If you are one among the people who are looking to shift jobs and are confused on how to go about it, here is an article from medium.freecodeamp.com in which the author describes how he overcame that problem.
The author says that he learnt coding for for about six months but was not sure how to make the transition.
'I spent my evenings self-teaching and picking up coding skills using the usual websites. But I didn’t see a clear path forward beyond the basics. The way I saw it, I only had a few options, go back to college,try and pick up a few freelance jobs and take it from there, go to a coding bootcamp,' he says.
Explaining on why he rejected the first option he says that he needed to be in work to earn money for his family.
'Had I been younger I would have loved the experience and computer science knowledge, but I wanted to get into web development and we all know how quickly web technologies are evolving, so I didn’t feel spending years at college would be the best use of my time,' he says.
While starting a freelance business seeemed like a good idea he says that it was not for him.
'I believe that while you can learn and progress on your own, the experience that you get being mentored and working on a team is invaluable. This is experience you can’t get from online courses, and anyway, I wasn’t ready to set up camp in my home office yet,' he says.
The author says that though the coding bootcamp was the last and expensive option it guaranteed a job, so he applied for one of those.
'One thing that did put me off the bootcamp though was that the next cohort was 6 months away. I knew I could teach myself a lotwithout it costing me thousands of dollars. I was also dubious as to how much I would actually learn. At the end of the day, it’s 3 months, not 3 years,' he says.
Which is when the author says that he thought of working for free at a web development company for 12 weeks.
'Just like everyone else I also did not like the idea of working for free. Then it clicked. If I could find a company that would pay me minimum wage for 12 weeks, then that would be like having a bootcamp experience for free,' he says.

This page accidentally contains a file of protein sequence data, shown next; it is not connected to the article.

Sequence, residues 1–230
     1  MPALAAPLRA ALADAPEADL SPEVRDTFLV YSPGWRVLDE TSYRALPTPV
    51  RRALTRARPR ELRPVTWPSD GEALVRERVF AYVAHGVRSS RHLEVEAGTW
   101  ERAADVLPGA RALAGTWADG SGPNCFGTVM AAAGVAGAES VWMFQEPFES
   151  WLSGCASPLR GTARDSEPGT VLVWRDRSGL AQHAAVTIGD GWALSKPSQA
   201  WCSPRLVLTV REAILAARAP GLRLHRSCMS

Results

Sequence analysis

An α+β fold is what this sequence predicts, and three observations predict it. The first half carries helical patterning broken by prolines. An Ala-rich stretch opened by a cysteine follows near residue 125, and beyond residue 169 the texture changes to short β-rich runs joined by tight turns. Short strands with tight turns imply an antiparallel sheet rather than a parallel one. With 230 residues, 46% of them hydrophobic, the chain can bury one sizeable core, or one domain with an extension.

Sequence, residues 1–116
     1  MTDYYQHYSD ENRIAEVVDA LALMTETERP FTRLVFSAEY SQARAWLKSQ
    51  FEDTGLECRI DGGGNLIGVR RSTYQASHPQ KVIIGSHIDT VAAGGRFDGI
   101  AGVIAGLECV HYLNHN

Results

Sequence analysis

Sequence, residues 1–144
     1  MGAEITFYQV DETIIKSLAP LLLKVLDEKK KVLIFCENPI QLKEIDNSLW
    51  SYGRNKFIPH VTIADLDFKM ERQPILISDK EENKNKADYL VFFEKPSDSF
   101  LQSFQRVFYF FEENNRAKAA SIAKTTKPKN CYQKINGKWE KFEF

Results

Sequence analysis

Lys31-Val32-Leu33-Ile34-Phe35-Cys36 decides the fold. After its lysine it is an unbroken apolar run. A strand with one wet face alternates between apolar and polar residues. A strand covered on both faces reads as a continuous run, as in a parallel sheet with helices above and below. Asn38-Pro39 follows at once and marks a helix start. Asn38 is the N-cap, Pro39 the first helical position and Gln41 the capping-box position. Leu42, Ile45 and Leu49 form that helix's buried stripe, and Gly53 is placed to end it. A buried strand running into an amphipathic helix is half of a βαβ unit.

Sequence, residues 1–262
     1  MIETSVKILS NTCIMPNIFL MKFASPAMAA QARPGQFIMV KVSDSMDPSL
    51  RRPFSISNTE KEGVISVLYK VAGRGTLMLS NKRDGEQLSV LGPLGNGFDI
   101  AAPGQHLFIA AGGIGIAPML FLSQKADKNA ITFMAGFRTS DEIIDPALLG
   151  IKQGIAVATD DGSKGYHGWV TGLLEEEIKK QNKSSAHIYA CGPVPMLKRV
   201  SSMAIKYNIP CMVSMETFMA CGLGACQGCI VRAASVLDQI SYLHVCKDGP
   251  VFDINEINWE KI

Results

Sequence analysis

The author says that the next big challenge was getting a job.
Explaining on how he did it, the author says, 'I shortlisted the companies that were recruiting junior developers. Instead of just applying for the job, I emailed them and created my own role. I targeted these companies though as they were actively recruiting, so I knew that I had more chance of getting an opportunity there rather than just sending random emails,' he says.
The author says that he was surprised by the response he received.
'I didn’t have a degree, but my email was interesting enough for them to want to find out a little more. One company that got back to me sounded really interested, and offered to meet up for a coffee and a chat later on in that week,' he says.
The author says that although they were recruiting for a college graduate PHP developer with symfony experience, they changed the job specification to 'Entry Level Developer' in order to suit him.
The author says that it was the email that he sent that played a crucial role in his employment.
'I recently asked my managers why they’d offered the job to me instead of the university graduate or junior developer they were originally advertising for. They told me that my email had grabbed their attention and stood out. They met me and liked my personality. I had shown that I was willing to work hard and make sacrifices to get an opportunity. From the knowledge I had gained self teaching, I had shown that I had a and ability to learn, and they felt that they could mentor me. They believed that they could teach me programming, whereas you can’t teach the hard work, sacrifice and motivation that I had shown by chasing my dream,' he says.
As a suggestion to the readers, the author says, put yourself out there, talk to some small companies, and see what they can offer you. If an agency is bogged down with content changes, copywriting, small bug fixes, then your email might just come at the right time.